Buffet Lines: Survival of the Fittest

July 22, 2013 | By | 6 Comments

Your stomach is gurgling, all the good seats are taken and the only thing between you and those mouthwatering pastries is a never-ending line of passengers, all after the same thing. There’s no denying it: Buffet lines tend to bring out the worst in people. And it’s hard not to adapt a “survival of the fittest” attitude when someone ninja-moves his or her way in front of you or spends five minutes contemplating the burgers or hot dogs.
Unwritten laws exist for buffet etiquette. If everyone abided by them, waiting in line would be much more relaxed and less of an obstacle course. But no one is innocent. We’ve covered these do’s and don’t’s in the past, but now, we’re letting you do the talking.
What we asked: Buffet lines would move much more smoothly if there were no ___.
What they said: The majority (35.43 percent) of our poll-takers dubbed line-cutters as the biggest culprits. However, 27.87 percent believe there are other ways that buffet meals could improve. What did we leave out? Share your thoughts in the comments below. And if you’re not sure whether or not your buffet manners are frowned upon, check out our 10 Commandments of Cruise Buffet Etiquette.
Vote in today’s daily poll by scrolling to the bottom right.
Have a food allergy or just want to start eating healthier on your cruises? Check out our 10 Tips for Cruising with a Dietary Restriction — and Eating Well.
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    6 Responses to “Buffet Lines: Survival of the Fittest”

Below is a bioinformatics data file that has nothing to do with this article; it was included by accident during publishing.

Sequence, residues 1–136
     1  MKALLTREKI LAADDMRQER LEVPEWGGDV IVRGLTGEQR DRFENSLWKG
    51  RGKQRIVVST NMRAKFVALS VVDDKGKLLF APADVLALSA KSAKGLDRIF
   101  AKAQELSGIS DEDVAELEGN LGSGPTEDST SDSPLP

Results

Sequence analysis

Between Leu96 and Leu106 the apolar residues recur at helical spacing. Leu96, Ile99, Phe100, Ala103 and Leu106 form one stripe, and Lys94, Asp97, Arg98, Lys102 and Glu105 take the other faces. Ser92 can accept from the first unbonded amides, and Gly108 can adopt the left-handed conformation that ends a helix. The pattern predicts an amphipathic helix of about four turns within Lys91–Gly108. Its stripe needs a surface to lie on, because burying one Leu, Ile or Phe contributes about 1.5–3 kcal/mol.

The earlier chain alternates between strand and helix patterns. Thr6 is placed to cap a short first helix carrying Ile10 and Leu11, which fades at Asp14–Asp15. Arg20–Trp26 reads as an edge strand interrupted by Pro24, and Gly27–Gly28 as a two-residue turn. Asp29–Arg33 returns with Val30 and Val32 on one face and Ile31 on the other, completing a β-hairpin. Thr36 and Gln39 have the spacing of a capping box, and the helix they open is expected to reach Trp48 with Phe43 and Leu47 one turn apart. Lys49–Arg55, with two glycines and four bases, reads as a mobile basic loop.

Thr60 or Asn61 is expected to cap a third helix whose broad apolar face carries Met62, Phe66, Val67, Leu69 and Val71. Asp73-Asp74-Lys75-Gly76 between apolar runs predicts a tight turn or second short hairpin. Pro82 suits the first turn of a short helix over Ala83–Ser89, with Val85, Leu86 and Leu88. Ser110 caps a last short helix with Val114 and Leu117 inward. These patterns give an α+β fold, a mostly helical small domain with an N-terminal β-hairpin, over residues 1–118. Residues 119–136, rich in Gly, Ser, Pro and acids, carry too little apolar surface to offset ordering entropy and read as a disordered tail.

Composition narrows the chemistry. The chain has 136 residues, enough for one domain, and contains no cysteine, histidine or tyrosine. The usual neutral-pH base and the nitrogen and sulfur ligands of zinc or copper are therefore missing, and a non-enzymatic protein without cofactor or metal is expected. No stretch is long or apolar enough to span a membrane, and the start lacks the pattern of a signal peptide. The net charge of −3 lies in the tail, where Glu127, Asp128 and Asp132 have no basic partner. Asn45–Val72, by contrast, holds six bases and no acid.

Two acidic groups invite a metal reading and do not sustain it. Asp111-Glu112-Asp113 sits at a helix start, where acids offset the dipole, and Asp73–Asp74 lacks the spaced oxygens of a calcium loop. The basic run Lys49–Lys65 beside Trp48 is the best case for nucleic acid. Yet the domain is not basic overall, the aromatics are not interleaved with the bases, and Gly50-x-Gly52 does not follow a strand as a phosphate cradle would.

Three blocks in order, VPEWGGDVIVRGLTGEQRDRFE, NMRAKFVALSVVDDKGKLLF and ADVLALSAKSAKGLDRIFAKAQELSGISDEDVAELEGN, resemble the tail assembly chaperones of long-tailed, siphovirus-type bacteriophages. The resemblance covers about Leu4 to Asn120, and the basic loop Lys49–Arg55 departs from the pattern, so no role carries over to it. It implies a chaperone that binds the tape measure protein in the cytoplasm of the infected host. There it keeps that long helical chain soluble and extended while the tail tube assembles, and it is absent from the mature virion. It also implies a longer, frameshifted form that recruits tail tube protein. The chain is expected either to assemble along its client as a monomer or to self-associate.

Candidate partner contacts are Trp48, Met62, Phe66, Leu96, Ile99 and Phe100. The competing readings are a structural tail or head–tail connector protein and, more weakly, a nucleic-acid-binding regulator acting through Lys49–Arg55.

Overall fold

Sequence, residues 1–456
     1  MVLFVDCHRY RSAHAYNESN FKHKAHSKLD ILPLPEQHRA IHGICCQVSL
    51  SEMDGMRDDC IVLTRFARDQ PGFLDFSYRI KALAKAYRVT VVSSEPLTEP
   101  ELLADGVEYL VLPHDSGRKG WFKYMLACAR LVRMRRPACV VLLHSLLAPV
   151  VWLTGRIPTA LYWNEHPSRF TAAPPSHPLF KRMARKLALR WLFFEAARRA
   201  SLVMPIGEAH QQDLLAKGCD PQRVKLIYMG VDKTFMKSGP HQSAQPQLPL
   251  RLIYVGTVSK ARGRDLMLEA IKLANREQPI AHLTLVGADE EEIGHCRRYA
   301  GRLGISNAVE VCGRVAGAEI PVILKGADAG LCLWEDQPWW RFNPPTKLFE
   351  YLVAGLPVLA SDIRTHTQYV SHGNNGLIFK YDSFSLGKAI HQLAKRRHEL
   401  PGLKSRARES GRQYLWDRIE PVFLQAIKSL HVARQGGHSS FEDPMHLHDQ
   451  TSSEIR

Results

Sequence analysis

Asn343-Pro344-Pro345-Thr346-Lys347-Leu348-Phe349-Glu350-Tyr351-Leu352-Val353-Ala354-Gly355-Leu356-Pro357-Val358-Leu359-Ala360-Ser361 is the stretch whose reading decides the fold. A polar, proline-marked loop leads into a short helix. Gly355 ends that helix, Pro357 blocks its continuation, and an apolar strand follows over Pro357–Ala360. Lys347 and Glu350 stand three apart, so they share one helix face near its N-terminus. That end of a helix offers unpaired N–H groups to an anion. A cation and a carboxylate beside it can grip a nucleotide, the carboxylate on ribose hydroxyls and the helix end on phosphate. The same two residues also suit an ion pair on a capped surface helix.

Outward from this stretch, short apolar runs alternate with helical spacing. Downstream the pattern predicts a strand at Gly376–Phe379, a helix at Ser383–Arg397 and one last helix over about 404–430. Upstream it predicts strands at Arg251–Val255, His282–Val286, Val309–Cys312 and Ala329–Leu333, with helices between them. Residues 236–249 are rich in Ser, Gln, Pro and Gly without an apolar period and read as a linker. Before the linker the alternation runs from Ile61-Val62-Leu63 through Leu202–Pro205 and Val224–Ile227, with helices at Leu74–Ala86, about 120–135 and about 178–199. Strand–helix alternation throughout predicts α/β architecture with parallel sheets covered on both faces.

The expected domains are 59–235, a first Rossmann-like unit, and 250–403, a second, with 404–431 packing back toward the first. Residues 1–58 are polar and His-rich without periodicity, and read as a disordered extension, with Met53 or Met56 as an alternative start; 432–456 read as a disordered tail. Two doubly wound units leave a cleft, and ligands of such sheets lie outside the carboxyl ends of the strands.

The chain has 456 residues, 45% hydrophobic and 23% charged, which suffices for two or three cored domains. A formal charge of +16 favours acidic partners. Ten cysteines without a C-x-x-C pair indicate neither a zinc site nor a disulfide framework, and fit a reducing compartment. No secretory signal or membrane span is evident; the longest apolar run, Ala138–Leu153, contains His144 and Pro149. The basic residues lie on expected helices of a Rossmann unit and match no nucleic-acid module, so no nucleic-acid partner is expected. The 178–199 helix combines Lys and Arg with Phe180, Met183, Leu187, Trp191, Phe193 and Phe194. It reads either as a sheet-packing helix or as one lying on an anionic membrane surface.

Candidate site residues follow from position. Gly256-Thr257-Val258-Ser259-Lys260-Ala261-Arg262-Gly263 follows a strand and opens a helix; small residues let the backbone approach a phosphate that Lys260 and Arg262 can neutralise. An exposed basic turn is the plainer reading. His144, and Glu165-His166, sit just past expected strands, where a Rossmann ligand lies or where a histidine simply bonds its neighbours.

1. Jean
      July 22nd, 2013 @ 4:14 pm

      People touching and tasting!!! Totally grosses me out!

    2. Ray
      July 22nd, 2013 @ 4:17 pm

      Buffet Lines.

    3. Roberta Gerlach
      July 23rd, 2013 @ 11:28 am

      Buffet lines would be more efficient and “healthier” if there were more serving personnel who ladled the food for you.(And they will always give you the portion size you want!) Those who do not wash hands, or perhaps wipe them on multiple-times-worn clothes that have not been laundered, are the friends of the norovirus. We always used the Lido deck, but after a noro experience, I was warned by the infirmary on board to avoid the buffet. Cutting into lines is not as bad as those touching everything to see what it feels like. I may be hungry, but on a cruise, never starving, so I can wait another 5 minutes to get my turn. Love to see more servers, less self-serve.

    4. diana
      July 23rd, 2013 @ 11:39 am

      touching food and being courteous have somewhat of an idea of what you want if you want a taste put it on your plate you can always go back for more

    5. Kimberly Howard
      July 24th, 2013 @ 9:45 am

      It is better not to think that you’re in a line. Try to have some chit chat with a friends in the process.

    6. Richard
      July 24th, 2013 @ 12:35 pm

      Patience, no one will starve!

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